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The Bat

Avery Hopwood and Mary Roberts Rinehart

Book Overview: 

The novelization of the play of the same name that had an initial run of 867 shows on Broadway and has been performed all over the world and been made into three movies over a span from 1926 to 1959. An intricate mystery, with a wide cast of characters.

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Book Excerpt: 
. . .Miss Cornelia seized the opportunity.

"You were born on a brick pavement," she said crushingly. "You get nervous out here at night whenever a cricket begins to sing—or scrape his legs—or whatever it is they do!"

Lizzie bowed before the blast of her mistress's scorn and began to move gingerly toward the alcove door. But obviously she was not entirely convinced.

"Oh, it's more than that, Miss Neily," she mumbled. "I—"

Miss Cornelia turned to her fiercely. If Lizzie was going to behave like this, they might as well have it out now between them—before Dale came home.

"What did you really see last night?" she said in a minatory voice.

The instant relief on Lizzie's face was ludicrous; she so obviously preferred discussing any subject at any length to braving the dangers of the other part of the house unaccompanied.

"I was standing right there at the top of th. . . Read More

Community Reviews

A friend who knows that I am interested in mysteries and in books published between the world wars, loaned me an anthology of three Mary Roberts Rinehart novels, so you will be seeing the other two in a week or two. Mary Roberts Rinehart has often been called the "American Agatha Christie". This...more

Read aloud at Forgotten Classics podcast.

After the last book, I did promise that I would cleanse my palate with something truly classic and well-written. Well, one out of two isn’t bad. When I saw a Mary Roberts Rinehart’s novel on Net Galley, I couldn’t believe my luck. My mother introduced me to her books back in my pre-teen days – th...more

In Mary Roberts Rinehart's The Bat, Cornelia Van Gorder, a spinster who has longed for adventure, takes herself, her Irish maid Lizzie, and her neice Dale off to the country to escape the city's summer heat. She rents a country home that has recently become available when Courtleigh Fleming, a lo...more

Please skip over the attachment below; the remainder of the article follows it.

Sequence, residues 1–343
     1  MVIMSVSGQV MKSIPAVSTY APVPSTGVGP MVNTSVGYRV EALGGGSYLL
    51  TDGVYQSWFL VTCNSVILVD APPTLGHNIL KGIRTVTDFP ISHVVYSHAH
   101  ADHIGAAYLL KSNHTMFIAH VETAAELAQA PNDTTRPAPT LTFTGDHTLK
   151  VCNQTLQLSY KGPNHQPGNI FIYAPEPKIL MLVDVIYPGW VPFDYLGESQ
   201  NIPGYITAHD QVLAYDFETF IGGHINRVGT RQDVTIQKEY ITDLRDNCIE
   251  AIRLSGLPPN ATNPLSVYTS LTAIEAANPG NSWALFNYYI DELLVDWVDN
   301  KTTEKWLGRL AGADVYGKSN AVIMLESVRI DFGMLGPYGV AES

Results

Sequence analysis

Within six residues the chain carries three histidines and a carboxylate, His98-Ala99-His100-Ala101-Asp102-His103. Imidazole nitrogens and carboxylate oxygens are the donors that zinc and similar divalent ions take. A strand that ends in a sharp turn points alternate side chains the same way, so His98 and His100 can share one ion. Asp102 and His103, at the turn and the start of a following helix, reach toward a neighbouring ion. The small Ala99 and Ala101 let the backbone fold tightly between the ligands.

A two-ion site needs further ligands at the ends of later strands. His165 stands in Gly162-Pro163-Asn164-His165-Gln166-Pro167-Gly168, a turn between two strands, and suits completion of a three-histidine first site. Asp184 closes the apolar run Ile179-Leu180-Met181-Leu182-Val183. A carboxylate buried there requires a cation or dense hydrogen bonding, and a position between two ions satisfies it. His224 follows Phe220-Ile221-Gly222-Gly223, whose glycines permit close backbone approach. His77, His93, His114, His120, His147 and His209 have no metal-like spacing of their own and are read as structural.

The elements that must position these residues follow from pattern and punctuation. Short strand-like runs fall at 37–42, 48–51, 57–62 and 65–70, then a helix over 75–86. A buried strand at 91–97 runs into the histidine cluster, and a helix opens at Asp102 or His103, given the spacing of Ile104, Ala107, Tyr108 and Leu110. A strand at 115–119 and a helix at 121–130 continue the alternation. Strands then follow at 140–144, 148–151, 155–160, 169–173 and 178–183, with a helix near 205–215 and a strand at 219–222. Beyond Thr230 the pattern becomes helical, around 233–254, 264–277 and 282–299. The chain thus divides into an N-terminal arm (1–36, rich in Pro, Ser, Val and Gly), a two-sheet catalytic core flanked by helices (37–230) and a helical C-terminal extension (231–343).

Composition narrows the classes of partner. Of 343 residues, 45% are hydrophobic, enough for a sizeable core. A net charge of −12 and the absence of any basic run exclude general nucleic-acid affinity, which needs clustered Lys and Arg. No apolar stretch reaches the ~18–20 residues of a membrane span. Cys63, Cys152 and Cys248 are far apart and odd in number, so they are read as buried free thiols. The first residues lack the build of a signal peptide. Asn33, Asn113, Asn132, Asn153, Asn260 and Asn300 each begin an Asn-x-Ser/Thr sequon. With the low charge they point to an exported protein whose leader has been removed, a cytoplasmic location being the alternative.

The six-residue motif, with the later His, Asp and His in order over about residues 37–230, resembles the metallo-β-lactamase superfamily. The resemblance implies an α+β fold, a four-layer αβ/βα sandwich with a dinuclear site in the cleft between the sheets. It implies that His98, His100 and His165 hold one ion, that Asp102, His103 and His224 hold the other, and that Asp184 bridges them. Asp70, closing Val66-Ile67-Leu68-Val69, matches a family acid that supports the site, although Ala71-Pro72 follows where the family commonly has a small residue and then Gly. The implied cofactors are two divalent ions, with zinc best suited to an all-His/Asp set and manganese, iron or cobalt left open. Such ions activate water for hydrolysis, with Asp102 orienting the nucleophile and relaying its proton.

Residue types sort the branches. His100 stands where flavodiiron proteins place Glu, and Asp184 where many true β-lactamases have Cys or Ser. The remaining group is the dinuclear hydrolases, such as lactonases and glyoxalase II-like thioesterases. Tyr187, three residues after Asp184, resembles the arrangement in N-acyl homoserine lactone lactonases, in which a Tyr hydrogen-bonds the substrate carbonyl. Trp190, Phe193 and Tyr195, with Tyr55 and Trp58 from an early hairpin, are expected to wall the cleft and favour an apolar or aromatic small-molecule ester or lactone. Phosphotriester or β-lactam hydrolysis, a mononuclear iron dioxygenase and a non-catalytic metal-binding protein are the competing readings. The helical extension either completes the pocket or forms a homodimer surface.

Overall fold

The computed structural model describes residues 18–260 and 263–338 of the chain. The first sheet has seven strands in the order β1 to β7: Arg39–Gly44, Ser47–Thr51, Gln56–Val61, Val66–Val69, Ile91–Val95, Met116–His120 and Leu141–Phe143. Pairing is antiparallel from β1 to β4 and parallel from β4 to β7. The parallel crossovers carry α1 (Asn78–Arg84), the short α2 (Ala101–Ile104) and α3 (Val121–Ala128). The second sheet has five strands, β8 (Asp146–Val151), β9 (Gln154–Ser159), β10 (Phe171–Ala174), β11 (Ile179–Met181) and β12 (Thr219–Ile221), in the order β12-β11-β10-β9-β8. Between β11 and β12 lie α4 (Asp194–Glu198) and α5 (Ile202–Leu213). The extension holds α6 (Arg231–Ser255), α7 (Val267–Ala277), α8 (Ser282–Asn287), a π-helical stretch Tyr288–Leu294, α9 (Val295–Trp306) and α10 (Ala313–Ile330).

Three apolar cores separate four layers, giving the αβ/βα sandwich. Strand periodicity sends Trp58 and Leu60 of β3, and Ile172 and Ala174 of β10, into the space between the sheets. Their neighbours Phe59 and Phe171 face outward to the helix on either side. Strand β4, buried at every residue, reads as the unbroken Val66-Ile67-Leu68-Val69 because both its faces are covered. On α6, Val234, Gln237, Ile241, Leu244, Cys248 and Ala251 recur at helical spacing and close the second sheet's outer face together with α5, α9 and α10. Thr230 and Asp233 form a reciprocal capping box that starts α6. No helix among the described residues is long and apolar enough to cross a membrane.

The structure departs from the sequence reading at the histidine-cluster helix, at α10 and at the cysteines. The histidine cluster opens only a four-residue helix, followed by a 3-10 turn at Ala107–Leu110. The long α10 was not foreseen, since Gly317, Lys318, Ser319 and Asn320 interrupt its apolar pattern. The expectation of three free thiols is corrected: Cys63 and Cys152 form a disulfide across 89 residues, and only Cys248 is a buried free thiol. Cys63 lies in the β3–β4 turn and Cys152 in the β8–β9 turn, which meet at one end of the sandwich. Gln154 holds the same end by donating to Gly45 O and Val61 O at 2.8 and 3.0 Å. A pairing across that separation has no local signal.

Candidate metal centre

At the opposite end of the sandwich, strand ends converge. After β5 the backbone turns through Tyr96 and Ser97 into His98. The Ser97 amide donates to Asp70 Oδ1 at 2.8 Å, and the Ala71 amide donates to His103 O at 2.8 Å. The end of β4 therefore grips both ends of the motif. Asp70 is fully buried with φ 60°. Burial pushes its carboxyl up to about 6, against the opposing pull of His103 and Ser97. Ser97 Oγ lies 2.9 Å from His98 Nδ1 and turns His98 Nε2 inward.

Somewhat disappointing. It was an interesting curio from the point of view of the origin of the Batman character, but not what I'd call a good read.

However, it was fun to encounter the bit where the villain shines a searchlight onto a house, with the silhouette of a bat on it. Definitely inspira...more

I read this book after reading Rinehart's earlier book The Circular Staircase. The Circular Staircase was made into a play that was then written back into novel form by Rinehart as this book. It is very much a product of its time in terms of racial stereotypes, views on gender, etc. The story in...more

Loved the writing style and the plot twists! If you're looking for a good, clean murder mystery, try this one!

Cleanliness: The words "d*mn" and "h*ll" are used a number of times throughout the book. There is a short scene with a ouija board at the beginning of the story.

**Like my reviews? I also...more

I really don't remember what my first mystery book was or even what age I was when I first opened one. More than likely it was a Nancy Drew or Encyclopedia Brown book. It wasn't until I read my first Agatha Christie book that I truly became a fan for life. I was such a fan of her that I tended to...more

Wow, mystery novels were different in 1920. For example, if you published a mystery novel then, and one of your characters was Japanese, you might mention that Japaneseness 50 or 60 times throughout the course of the book. You might also have the other characters impute certain moods or character...more

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